Usually the most scandalous part of breaking dress-code ad Wimbledon is wearing a bit of color, but things are apparently different this year with players complaining of Nike’s ineffective and inappropriate dress. The dress, called the NikeCourt Premier Slam Dress, does not look scandalous at first glance. On the model, it features a high neckline and a skirt that is no shorter than any other tennis dress. The problem, however, is the dress’ light fabric and loose fitting empire-waist cut.

The design, which is tight at the sternum and becomes loose around the breast, flowing down to the hem, is too billowing for the athletes to effectively play. This has caused problems at Wimbledon, with a number of tennis stars including Taylor Townsend, Donna Vekic, Eugenie Bouchard, and Rebecca Peterson all experiencing problems with the garment. With fast movement, the hemline flies up about the players’ waists, revealing not only their athletic shorts but also their torsos in the process. Sabine Lisicki, the 2013 Wimbledon runner-up, actually refused to wear the dress, stating “I tried it on but didn’t feel comfortable showing that much. For me, the most important thing is to feel comfortable and not think about anything.” While other players didn’t have much of a problem with the dress’ modesty, some had problems with the dress affecting their performance. Rebecca Peterson said, “When I was serving, it was coming up, and I felt like the dress was just everywhere. In general, it’s quite simple, the dress, but it was flying everywhere.”


Photo Credit: Nike

Others are calling the dress a “nightgown” and “lingerie,” slamming Nike for sexualizing female athletes. However, while the dress may be short, its loose fit makes it relatively modest when compared to tighter designs. The short hemline is meant to allow for movement, not to expose the player. Rather, the problem here is not one of hypersexualization of female athletes, but of Nike’s failure to effectively test their design before allowing star players to wear it at Wimbledon. The empire waist cut doesn’t keep the skirt from baring the wearer’s stomach and back when the fabric, which is evidently not heavy enough, rises due to movement and wind. Coach Judy Murray recognized this as the issue, stating that “the important thing for any clothing manufacturer who is sponsoring top players is to make sure that the clothing is functional for the job in hand…So I’m sure that Nike will be taking steps to address it. Because anything that is not functional proves distracting to the players and that’s not in anybody’s interests.”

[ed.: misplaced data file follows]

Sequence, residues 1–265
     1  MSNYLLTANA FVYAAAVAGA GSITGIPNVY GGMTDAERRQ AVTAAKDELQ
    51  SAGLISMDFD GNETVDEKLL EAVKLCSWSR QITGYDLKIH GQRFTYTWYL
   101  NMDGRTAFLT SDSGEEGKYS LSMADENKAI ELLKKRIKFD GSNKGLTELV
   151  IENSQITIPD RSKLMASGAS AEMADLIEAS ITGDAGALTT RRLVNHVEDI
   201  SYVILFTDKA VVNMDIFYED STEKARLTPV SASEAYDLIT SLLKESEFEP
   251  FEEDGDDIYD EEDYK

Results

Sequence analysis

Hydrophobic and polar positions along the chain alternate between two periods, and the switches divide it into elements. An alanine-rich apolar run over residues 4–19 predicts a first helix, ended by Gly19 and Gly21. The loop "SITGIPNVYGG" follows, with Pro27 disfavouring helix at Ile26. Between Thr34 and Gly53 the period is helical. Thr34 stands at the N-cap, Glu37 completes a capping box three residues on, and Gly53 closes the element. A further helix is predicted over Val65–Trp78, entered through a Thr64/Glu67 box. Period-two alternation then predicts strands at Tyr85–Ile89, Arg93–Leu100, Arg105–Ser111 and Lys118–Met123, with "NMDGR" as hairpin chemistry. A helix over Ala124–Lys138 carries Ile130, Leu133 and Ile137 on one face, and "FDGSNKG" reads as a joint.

Some of the women wearing the dress have taken to making style adjustments to prevent wardrobe malfunctions. Katie Boulter tied her dress down at the waist with a white headband to prevent the dress from getting in her way, while Lucie Hradecka simply wore her dress as a top, pairing it with white leggings.

So far, the controversial dress has not been recalled by Nike, who said on Monday that “We often customize products and make alterations for athletes as they compete…We work closely with our athletes to provide them with product that helps them perform and feel their best on the court.” Players can evidently opt to have their outfits altered on-site by Nike. And while reviews have mostly been negative, at least one player likes the “negligée” dress. Eugenie Bouchard stated, “For me, I love it…It’s nice and short so you can move around and be free with your movements. Yeah, I don’t know. It’s funny that people paid a lot of attention to it, but I think it’s really nice.”

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